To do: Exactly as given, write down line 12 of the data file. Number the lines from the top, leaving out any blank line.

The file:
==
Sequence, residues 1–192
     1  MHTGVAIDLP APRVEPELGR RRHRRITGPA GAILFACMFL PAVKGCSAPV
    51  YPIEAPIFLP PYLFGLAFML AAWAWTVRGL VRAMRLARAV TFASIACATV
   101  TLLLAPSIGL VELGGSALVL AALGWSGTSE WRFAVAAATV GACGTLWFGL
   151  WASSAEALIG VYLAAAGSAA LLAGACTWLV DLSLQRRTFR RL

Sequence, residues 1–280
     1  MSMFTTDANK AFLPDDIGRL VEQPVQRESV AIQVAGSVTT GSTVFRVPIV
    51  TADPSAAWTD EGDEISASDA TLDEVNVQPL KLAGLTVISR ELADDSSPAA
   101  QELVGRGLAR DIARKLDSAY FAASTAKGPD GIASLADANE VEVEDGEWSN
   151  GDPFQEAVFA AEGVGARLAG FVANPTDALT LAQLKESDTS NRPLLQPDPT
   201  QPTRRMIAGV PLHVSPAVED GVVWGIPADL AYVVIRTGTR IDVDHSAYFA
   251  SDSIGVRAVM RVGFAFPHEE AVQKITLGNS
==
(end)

   251  SDSIGVRAVM RVGFAFPHEE AVQKITLGNS